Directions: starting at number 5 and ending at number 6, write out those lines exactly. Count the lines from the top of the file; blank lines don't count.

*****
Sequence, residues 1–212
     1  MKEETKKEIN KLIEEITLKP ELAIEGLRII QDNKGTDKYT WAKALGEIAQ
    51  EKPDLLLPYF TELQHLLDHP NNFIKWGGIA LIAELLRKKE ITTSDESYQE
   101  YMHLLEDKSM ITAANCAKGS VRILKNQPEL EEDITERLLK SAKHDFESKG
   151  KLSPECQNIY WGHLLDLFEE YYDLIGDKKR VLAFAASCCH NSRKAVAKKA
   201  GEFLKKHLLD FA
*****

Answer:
   151  KLSPECQNIY WGHLLDLFEE YYDLIGDKKR VLAFAASCCH NSRKAVAKKA
   201  GEFLKKHLLD FA